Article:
Instead, you get the story of this most complex of personalities, from his 1947 birthplace and initial childhood home in Stansfield Road, Brixton, to his formative years in leafy Bromley, through his teenage interests in American rock'n'roll, to his admission into the Mod world, hanging out in Soho with friend and fellow (or rival) Mod, Marc Bolan, before taking the obligatory art school path to full adulthood for almost every major British musician of the same generation.

But, as David Bowie is... richly illustrates, what happened next was anything but conventional, as he adhered himself to "using rock'n'roll as a medium", a platform for the characters he would embody as he transformed David Robert Jones into - as the BBC Nationwide reporter Bernard Falk disparagingly referred to him - a "bizarre, self-constructed freak".

Those characters - Ziggy Stardust and numerous variations on the detached alien theme - are all brought together by the V&A's Victoria Broackes and Geoffrey Marsh, who were given largely unrestricted access to the David Bowie Archive. 

The resulting display is a fascinating array of more than 300 individual items, including original handwritten lyrics to songs like Rock'n'Roll Suicide, or the studio instrument hire order for the Space Oddity session. Though items like these are fairly typical of the music retrospective, the minutiae of detail across such smaller exhibits illustrates the exhaustive thought put in by the V&A team to telling the Bowie story.

The exhibition's highlights are, inevitably, those items most associated with Bowie's numerous images - the Ziggy Stardust bodysuits (including the one worn on Top of the Pops for the groundbreaking performance of Starman), the Union Jack frock coat by Alexander McQueen and worn by Bowie on the Earthling cover, and the Pierrot costume from the Ashes To Ashes video that pretty much launched New Romanticism.

Abstracted from their original context, be it live performances, television appearances or promotional films, they not only lack animation but also the colours that, on TV seemed so vibrant. Shoes and boots look larger than they should be (friends have commented on how relatively small Bowie's feet are). The freakiest show, if you will allow me.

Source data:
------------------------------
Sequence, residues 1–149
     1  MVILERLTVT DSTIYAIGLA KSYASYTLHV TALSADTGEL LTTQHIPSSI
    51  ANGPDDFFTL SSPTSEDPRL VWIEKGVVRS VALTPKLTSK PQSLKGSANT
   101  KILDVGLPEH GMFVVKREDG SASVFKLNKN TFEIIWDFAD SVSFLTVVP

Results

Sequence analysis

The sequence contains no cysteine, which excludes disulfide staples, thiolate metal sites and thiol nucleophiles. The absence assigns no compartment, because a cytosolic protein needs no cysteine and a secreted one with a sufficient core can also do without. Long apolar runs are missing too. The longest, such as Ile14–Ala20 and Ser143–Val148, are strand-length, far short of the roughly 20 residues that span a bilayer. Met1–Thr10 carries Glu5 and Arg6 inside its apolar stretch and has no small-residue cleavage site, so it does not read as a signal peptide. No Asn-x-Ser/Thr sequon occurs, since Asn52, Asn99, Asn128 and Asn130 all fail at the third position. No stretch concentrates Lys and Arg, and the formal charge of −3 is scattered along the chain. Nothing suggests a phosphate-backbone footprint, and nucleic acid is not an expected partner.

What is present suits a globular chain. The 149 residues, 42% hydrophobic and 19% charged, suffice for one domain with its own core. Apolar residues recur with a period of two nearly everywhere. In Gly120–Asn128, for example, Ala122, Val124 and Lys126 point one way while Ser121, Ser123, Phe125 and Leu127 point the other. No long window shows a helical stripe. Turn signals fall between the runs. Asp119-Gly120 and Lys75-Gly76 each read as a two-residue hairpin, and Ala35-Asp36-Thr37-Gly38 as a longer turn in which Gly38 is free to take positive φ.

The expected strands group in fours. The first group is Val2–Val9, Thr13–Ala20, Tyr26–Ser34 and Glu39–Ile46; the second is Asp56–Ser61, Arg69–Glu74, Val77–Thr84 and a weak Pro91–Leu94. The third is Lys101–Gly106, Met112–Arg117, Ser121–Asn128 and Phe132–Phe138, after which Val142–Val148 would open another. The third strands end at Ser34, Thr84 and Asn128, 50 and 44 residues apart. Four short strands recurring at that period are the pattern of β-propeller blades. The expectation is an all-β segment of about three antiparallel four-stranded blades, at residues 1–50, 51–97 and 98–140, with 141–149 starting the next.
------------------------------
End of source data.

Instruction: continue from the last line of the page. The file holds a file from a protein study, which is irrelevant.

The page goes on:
David Bowie is... evolves as the artist himself has, moving through the obsessions and fascinations, concepts - good and bad, the evolution of video as a music medium, the inevitable development of an acting career, and the haircuts. The many, many haircuts.

As you reach its conclusion you arrive in a giant, video-walled chamber showing clips of Ziggy and the Spiders which argue the strong case that behind the performance artist has always been a performer of an inventiveness and charisma matched by few, and even then we're talking stage talents as rare as Jagger or Presley.

And, just as Bowie himself this year reminded us, as you think you've had your lot, there's one more section, a coda to the whole experience, which, via near-silent video footage of a photo session some years ago, shows Bowie strumming a vintage guitar, pulling Gene Vincent and Elvis poses. Singularly, and without costume or accompaniment, he ends the exhibition of his own career with a fascinatingly simple explanation of what the fuss is all about.

David Bowie is... continues at the Victoria & Albert Museum until August 11. Although all advance-booking online tickets have sold out, tickets can be bought at the V&A if you go in person to the ticket desk before 10am each morning. Full details of ticketing can be found on the V&A website.